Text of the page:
When my children were younger I wrote a weekly column, “Modern Parenting” for The Pembroke Observer newspaper. Being a stay-at-home dad was rare in our small town in 1991; people wanted to hear about my adventures. When I started this blog I promised to republish some of those old pieces, then I got sidetracked.
Today I’m revisiting one of the articles that I think has stood the test of time. Or at least is a change of pace. I don’t intend to do much in the way of editing, but may make the odd comment in italics. This post was first published August 30, 1992.
Stuffed animals have suddenly become the rage at our place.
I remember I had a favourite teddy bear from the time I was very young, but Paul never showed much interest in any stuffed animals until a couple of months ago. And we had lots of them around. Not only was he given the usual ration of them at birth, but he also inherited some of my collection. (For some reason I bought a few stuffed animals even as a young adult, or I won them at carnivals.)
For Paul there seemed to be more attraction to smaller, less soft, creatures. Those included a plastic deer that he found on a table at his maternal grandmother’s, a brass owl that belongs to Vivian and a small white dolphin. For a while they travelled everywhere with him.
I could see some of the attraction, they each fitted into his small palm. We never said there wasn’t room for them to come with us. But they certainly weren’t cuddly.
Recently we have graduated to softer creatures, though there’s no definite favourite. There’s Puff, a dragon with built in music box from which he derives his name. Panda is just that. Oink, naturally, is a pig. And there’s Harby.
Harby is a white rabbit. When I named him he was Harvey, after the James Stewart film of the same name. He was a joke, and may be the only stuffed rabbit in Canada with his own RCMP file. At least he used to have one, I haven’t checked recently. I’m not sure how to word a Freedom of Information request from a stuffed white rabbit.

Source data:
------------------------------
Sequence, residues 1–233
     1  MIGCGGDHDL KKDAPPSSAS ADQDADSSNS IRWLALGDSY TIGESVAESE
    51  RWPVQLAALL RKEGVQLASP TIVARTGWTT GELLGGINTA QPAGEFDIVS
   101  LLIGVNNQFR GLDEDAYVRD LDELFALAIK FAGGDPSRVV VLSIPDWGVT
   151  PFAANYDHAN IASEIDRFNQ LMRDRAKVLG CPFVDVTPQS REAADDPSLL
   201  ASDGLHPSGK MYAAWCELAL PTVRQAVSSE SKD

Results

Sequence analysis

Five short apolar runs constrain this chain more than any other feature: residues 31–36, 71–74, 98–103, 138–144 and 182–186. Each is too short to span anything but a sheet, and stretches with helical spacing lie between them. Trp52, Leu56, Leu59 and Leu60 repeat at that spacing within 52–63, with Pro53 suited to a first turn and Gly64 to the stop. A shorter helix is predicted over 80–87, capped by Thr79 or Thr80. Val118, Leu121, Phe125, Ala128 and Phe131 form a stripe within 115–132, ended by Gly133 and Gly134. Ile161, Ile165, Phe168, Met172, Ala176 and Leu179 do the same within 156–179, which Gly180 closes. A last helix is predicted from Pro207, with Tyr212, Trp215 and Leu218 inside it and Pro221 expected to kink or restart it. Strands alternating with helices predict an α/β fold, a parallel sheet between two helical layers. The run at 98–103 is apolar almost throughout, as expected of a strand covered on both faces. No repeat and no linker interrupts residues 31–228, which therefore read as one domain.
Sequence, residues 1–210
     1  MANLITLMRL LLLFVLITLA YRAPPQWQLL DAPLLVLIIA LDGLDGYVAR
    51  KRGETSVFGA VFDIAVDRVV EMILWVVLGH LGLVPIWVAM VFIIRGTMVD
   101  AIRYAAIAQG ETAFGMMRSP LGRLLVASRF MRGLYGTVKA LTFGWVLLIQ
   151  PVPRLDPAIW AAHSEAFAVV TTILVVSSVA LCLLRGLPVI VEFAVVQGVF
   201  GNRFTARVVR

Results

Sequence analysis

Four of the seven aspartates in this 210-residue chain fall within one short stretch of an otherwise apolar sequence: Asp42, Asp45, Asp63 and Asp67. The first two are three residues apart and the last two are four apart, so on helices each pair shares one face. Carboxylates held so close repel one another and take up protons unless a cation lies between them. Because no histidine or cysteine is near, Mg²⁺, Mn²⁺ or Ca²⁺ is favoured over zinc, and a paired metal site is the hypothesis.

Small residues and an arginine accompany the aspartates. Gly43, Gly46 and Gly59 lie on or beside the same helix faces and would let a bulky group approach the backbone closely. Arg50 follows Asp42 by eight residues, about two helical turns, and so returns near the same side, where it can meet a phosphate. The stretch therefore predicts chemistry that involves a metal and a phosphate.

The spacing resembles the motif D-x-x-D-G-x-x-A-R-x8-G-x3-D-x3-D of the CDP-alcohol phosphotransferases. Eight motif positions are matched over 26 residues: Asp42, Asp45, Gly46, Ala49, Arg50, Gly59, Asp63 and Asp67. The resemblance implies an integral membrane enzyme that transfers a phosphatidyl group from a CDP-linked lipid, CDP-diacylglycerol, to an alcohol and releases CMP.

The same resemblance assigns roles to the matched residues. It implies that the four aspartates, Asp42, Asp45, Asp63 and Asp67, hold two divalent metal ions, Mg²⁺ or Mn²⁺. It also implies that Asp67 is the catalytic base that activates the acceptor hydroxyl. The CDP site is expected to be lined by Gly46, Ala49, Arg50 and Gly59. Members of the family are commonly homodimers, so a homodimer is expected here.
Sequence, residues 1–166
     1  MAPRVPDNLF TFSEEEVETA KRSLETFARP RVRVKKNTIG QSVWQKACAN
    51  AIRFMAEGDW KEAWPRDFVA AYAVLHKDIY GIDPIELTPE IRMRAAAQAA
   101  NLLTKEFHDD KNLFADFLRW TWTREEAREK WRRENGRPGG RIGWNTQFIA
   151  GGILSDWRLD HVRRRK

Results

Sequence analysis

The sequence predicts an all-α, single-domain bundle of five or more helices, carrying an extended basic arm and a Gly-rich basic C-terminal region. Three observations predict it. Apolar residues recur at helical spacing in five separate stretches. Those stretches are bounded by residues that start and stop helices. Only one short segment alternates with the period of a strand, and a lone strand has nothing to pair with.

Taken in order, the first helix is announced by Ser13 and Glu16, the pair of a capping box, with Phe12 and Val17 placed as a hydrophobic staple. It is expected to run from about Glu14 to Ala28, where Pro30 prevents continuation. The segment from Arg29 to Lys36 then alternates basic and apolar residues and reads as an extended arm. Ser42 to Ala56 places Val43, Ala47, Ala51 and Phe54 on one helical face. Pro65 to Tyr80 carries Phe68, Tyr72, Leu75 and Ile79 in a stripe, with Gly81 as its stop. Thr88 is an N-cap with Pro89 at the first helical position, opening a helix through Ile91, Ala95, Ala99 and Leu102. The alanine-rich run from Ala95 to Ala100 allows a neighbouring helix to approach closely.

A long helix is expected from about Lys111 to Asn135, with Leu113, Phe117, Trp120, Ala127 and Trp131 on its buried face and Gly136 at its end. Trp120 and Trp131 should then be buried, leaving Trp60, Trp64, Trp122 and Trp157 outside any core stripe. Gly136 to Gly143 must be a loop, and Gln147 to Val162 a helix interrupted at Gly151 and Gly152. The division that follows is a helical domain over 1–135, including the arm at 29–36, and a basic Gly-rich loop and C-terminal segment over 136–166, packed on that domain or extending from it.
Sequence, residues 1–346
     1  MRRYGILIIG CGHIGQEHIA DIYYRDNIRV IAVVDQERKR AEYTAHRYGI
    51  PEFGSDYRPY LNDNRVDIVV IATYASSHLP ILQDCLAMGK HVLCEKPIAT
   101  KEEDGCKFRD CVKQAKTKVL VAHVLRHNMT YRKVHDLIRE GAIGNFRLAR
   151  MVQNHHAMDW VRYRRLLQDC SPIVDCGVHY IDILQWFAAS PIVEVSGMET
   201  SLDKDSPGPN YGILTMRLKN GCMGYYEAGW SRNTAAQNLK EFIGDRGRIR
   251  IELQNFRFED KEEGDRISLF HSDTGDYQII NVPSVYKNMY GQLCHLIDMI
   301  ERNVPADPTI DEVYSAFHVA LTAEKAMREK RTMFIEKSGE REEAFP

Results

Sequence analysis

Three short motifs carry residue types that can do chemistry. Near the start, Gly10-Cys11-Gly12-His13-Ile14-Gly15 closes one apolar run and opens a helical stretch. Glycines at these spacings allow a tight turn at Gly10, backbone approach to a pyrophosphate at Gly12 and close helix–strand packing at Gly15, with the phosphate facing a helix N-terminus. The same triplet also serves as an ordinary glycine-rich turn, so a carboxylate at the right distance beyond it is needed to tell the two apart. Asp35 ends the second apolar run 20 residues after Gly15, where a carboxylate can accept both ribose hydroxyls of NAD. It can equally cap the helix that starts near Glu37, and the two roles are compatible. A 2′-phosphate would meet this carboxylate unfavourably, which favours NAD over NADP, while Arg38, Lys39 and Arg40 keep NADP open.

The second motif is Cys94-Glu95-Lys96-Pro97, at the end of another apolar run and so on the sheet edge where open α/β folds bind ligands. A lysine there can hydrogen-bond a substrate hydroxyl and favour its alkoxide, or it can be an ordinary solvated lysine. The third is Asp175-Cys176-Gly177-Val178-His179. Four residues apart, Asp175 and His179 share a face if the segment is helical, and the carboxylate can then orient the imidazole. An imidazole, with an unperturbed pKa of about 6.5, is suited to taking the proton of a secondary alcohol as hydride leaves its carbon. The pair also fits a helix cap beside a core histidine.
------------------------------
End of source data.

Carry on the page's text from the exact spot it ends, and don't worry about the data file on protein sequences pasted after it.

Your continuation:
I thought at first Paul couldn’t say “Harvey.” But no, he can do it he’s just decided to change the rabbit’s name.
So why stuffed animals? I guess they’re cute and cuddly and available. Children want to show love the way their parents show love to them. Unfortunately most very young children can’t be trusted not to maul a pet (and vice versa), so a stuffed animal makes a very acceptable substitute. And it doesn’t need to have its litter box cleaned. (As someone who has cleaned out far too many litter boxes I wish we had stuck with stuffed animals.)
We made two trips to Toronto last month. Harby got to make the first trip. Oink got to come along the second time. That wasn’t Paul’s idea, he wanted all four of his “babies” to come with him. I put my foot down and told him there wasn’t enough room in the car. As far as Paul is concerned his babies are people and he wants to share his experiences with them. They do all sorts of things together, from watching television to playing golf to eating supper.
But we haven’t completely abandoned the smaller, less cuddly animals. Paul’s most recent acquisition is a small china boar, something my mother got out of a box of tea and gave to him. There is a mild discrimination here: I remember those animals in tea from when I was a kid. I never got any of them. (Until I read this piece again I had forgotten all about this.)
Paul was delighted with the boar, which fits nicely in his hand. Boar (we’re not into creative names yet) went everywhere with him for the first week. When he visited his friend Ben, Ben had to kiss Boar goodbye when Paul went home. That was actually a compromise, Ben thought Boar might want to stay. Boar had to go to church with Paul, and was clutched securely in his hand for naps or at night.
Paul’s more than three years old now, when he’s an adult he’ll be able to remember some of the things he did at this age. (I must ask if he remember Boar.) I’m sure he’ll look back with fondness at his stuffed animals. They’re a great part of childhood.